1. Ebola survivor Victoria Yillia holding her newborn baby son (who parents say they expect to name Barnabas) outside her home as husband Anthony Yillia looks on
2. Mid of mother and baby
3. Close of baby
4. Close of mother
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Kenema - 11 August 2015
5. SOUNDBITE: (Krio) Victoria Yillia, Ebola survivor: (explaining how she contracted Ebola when in maternity ward in 2014) "A woman came from outside and she died (of Ebola). The nurse who was treating that woman was the same nurse who was treating me, and she died herself, so that is how I came in contact with the Ebola disease."
6. People in a busy market
7. Wide exterior of maternity unit at Kenema hospital
8. SOUNDBITE: (English) Elizabeth Kamara, Deputy Matron, Kenema Hospital:
"Victoria Yillia, she is the first survivor and she delivered a live baby boy so that makes it very sensitive because everybody wants to know, because most of the survivors give birth to stillborn (babies). So, Victoria's case is very interesting."
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Kenema - 16 August 2015
9. Victoria and husband Anthony entering church for a blessing ceremony for baby
10. Wide of parents flanking pastor at blessing ceremony for baby
11. Close of baby wrapped in blankets in pastor's arms
12. Mid of the Yillias singing at church service
13. Close of Victoria singing while holding baby
14. The Yillias leaving church with other members of congregation
15. SOUNDBITE: (English) Anthony Yillia, father:
"Happy to be a father, to be a young couple and having the baby boy, he will serve as a foundation and a source of comfort to his mother and a foundation to me so that he will grow and continue to live a better life."
16. Mother and child
17. SOUNDBITE: (English) Anthony Yillia, father:
"He is an historical child and he will serve as history to always remind of all that has happen and we pray that he will become a success."
Ebola did not take Victoria Yillia's life. And it could not prevent the birth of her son.
Victoria delivered her child just a few minutes' walk from the ward where just last year she had hovered between life and death, and nurses and medical staff still wore full protective suits and masks for fear of any lingering infection.
Doctors gave her formula and told her not to nurse her baby until they ran tests to be sure there were no traces of the virus in her breast milk.
Her husband Anthony beamed in the maternity ward as they talked about names for the boy nestled in a blanket with a yellow knit cap.
But Victoria was sorrowful: Her mother was not here to help her, to show her what to do with her first child. Nor was her grandmother, or her three older sisters.
The couple and their new baby are all that remain: Twenty-one of her family members died of Ebola when the virus ripped through this corner of Sierra Leone.
Victoria is not just her family's sole survivor - she was also the first person to survive Ebola in Sierra Leone.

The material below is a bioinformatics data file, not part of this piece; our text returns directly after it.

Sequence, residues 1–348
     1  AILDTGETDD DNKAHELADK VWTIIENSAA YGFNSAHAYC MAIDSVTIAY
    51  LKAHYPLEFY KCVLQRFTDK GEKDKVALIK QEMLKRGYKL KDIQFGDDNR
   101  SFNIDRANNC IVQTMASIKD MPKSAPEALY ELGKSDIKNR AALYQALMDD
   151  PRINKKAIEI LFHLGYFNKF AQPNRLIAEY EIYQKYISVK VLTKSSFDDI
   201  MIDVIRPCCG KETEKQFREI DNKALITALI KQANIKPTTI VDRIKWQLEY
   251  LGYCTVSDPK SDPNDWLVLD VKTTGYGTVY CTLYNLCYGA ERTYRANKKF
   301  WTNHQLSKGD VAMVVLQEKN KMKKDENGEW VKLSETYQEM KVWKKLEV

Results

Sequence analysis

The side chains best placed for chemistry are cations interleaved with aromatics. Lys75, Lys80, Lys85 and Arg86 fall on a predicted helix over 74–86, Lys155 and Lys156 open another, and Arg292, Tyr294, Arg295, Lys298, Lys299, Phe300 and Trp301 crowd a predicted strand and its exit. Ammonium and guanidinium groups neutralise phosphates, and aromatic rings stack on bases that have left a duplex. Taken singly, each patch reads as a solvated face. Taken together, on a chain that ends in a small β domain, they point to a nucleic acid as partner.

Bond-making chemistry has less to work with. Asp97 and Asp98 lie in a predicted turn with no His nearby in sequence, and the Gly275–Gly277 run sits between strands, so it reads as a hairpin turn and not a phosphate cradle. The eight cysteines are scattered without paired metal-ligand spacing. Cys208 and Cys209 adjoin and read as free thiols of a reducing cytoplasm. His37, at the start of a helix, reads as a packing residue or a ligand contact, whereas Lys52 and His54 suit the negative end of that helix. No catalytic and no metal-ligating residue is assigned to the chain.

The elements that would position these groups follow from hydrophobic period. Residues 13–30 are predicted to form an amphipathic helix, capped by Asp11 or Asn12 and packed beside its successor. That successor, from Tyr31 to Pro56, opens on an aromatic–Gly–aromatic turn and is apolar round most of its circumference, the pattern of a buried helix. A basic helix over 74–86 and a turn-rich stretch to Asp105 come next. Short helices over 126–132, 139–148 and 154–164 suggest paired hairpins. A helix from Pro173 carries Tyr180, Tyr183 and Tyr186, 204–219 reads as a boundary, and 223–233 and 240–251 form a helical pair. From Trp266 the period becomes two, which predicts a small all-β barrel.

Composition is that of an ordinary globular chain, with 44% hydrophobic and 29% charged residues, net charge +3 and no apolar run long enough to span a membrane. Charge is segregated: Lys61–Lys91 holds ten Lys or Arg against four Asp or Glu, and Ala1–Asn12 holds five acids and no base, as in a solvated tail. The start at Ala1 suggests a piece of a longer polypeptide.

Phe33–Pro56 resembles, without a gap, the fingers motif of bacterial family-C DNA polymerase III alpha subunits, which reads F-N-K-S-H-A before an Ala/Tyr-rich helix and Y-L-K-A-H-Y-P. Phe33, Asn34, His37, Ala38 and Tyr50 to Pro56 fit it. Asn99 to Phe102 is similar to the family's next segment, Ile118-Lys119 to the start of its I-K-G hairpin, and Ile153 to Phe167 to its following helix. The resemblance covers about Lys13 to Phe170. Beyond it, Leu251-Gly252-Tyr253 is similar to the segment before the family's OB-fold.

Her survival was celebrated nationally: She met the president, and the day of her release, June 8, is now National Survivors Day.
If she is the face of survival in Sierra Leone, it is fitting that her life of hope and sorrow mirrors that of an Ebola-ravaged country struggling to move on, despite its anguish.
When she fell pregnant in 2014, the first weeks of her pregnancy were fraught with complications.
Victoria had no way of knowing that a nurse who treated her had also come into contact with someone who'd attended a funeral in Guinea - and brought the deadly Ebola virus across the border.
She lost the baby in late May 2014 just as she was nearing the end of her first trimester, and she was sent to the maternity ward in Kenema where her husband studied.
It was there doctors determined she was suffering from more than a miscarriage. The 20-year-old had Ebola.
Meanwhile, back home in her village other family members began falling sick.
Victoria lost her parents, grandmother and her three older sisters to Ebola.
After her much-publicised discharge from the hospital, she returned to her village to recover away from the attention.
With her was Sia, her mother-in-law, who also survived because she was in Kenema with Victoria when everyone else fell ill.
Their reconstituted family also included a 3-year-old relative named Bintu who had lost her parents and her siblings to Ebola.
Victoria looked after the little girl while Anthony went back to school.
When Victoria discovered she was pregnant again, she was surprised, she said.
Doctors had said there was no way of knowing if she could even carry a child to term after having Ebola.
For reasons not yet known, other survivors have suffered miscarriages or had stillborn babies, said nurse matron Elizabeth B.M. Kamara at the Kenema hospital.
In the end, Victoria's labour was rather ordinary. Her son arrived on a Sunday, a healthy 6 pounds, 3 ounces (2.8 kilograms).
Like any new mother, she was nervous about holding her child, all the more so because health officials wanted to run more tests before letting her sleep with the baby or nurse him.
On Thursday, she left the hospital and headed to the room where she, her husband, her mother-in-law and little Bintu now live.
The following Sunday should have been the child's naming ceremony _ an event that takes place on the seventh day after birth, typically a joyous occasion bringing together the extended family.
But Victoria and Anthony put the celebration off, given their circumstances.
Nonetheless, on the insistence of their pastor, the baby was blessed in the local church.
They will name the child Barnabas - a Biblical name that often translates as the son of encouragement or consolation.
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